Animal House where animal research previously took place (Queen’s University Archives)


Return to the Animal Histories Map

Darla was taken to the Fauna Foundation after being subjected to menstrual and anorexia studies at Queen’s University
Newton at the Fauna Foundation after leaving Queen’s University where he was used for eye-tracking tasks

Notes and Credits:


  • 1942-08-26, “Dogs Praised,” The Kingston Whig Standard, Page 4.
  • 1959-03-07, “Use Monkeys in Birth Injury Tests,” The Kingston Whig-Standard, Page 18.
  • 1970-10-23, “Orthopedic Research,” The Kingston Whig-Standard, Page 7.
  • 1984-02-25, “A haven for pets,” The Kingston Whig-Standard, Page 63.
  • 1985-01-21, “Animal Rights Group, ‘terrorists like PLO’”, The Kingston Whig-Standard, Page 1.
  • 1985-01-25, “There’s no comparison between ALF and PLO,” The Kingston Whig Standard.
  • 1986-07-18, “Animal Rights Activists Distort Truth: Scientists,” The Kingston Whig-Standard, Page 17.
  • 2016-11-21, “Am I a Member of the Queen’s Community,” Animal Liberation Currents,


  • Monkey, book by Desmond Morris
  • Voracious Science and Vulnerable Animals: A Primate Scientist’s Ethical Journey, by John P. Gluck
  • Animals and Biosecurity, Season 5 of the Animal Turn Podcast


  • [1] Of those animals, 77% are rodents, 7.7% wildlife species, 13.3% laboratory fish, and 1.2% large mammals. Queen’s University, “Reporting on Animals Used in Science at Queen’s: 2020 Summary”
  • [2] 25 January 1985, “There’s no comparison between ALF and PLO,” The Kingston Whig Standard. Available from Newspapers.com.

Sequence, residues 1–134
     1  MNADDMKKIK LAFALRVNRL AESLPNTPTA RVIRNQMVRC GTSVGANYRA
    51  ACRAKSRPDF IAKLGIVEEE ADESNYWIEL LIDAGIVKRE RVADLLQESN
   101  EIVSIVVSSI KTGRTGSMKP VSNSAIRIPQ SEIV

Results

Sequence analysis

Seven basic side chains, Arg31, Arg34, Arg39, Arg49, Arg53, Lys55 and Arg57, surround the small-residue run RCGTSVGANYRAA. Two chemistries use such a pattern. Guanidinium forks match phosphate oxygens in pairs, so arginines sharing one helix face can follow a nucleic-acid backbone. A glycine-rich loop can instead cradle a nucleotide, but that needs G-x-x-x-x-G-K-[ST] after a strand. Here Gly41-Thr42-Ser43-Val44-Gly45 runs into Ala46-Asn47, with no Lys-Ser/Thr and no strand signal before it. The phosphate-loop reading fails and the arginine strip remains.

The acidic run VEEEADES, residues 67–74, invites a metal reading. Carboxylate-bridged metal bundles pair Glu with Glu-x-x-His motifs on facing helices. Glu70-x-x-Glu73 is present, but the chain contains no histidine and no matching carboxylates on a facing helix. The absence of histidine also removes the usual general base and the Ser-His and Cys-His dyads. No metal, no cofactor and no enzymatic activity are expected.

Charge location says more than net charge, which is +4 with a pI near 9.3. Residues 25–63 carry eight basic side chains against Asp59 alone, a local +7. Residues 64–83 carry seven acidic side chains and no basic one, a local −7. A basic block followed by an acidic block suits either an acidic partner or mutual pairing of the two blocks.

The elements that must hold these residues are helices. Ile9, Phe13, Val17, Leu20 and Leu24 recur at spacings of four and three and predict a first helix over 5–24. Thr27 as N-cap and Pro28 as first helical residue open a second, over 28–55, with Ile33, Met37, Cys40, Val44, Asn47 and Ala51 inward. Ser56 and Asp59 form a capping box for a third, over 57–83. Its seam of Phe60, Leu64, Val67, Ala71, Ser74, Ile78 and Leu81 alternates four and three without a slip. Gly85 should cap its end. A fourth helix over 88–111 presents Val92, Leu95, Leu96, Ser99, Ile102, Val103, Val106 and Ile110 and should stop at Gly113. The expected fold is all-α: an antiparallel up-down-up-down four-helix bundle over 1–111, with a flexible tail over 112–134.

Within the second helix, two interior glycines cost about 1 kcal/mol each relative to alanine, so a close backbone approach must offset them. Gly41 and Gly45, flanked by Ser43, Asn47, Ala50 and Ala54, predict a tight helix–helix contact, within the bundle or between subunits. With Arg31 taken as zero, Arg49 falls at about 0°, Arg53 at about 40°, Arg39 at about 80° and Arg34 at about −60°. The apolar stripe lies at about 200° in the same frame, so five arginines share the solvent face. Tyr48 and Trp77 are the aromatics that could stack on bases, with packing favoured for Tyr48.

• [3] 18 July 1986, “Animal Rights Activists Distort Truth: Scientists,” The Kingston Whig-Standard, Page 17. Available from Newspapers.com.
  • [4] 25 January 1985, “There’s no comparison between ALF and PLO,” The Kingston Whig Standard. Available from Newspapers.com.
  • [5] Donaldson, S., 2016. “Queen’s Animal Defence: A Profile in Advocacy” Available from Animal Liberation Currents.
  • [6] Take for example the experiments done for the following work: Marino, R.A; Munoz, D.P., and Levy, R., 2022. Role of Rostral Superior Colliculus in Gaze Stabilization during Visual Fixation, Journal of Cognitive Neuroscience, 1-20. Available from PubMed.
  • [7] “About Newton”, Available from the Fauna Foundation.
  • [8] “Darla” Available from the Fauna Foundation.
  • [9] A recent example of a study conducted at Queen’s using rhesus macaques can be found here: https://www.ncbi.nlm.nih.gov/pmc/articles/PMC8691841/#article-1aff-info
  • [10] Hartung, T., 2009. Toxicology for the twenty-first century. Nature 460: 208-212. Available from Nature.  You can also hear Thomas Hartung discussing some of the alternatives to animal testing on The Animal Turn Podcast (Season 5 Episode 5); Also see the Pros and Cons list created by ProCon.org titled “Should Animals Be Used for Scientific or Commercial Testing?”
  • [11] Charu Chandrasekera’s talking to Stafl, H., 2019. “The curtain on animal research at Queen’s lifts an inch”, Available from The Journal. Also see Akhtar, A., 2015. The Flaws and Human Harms of Animal Experimentation. Cambridge Quarterly of Healthcare Ethics 24(4): 407-419.
  • [12] Stafl, H., 2019. “The curtain on animal research at Queen’s lifts an inch”, Available from The Journal. Also listen to Charu Chandrasekera’s Ted talk “It’s Time to Think Outside the Cage”.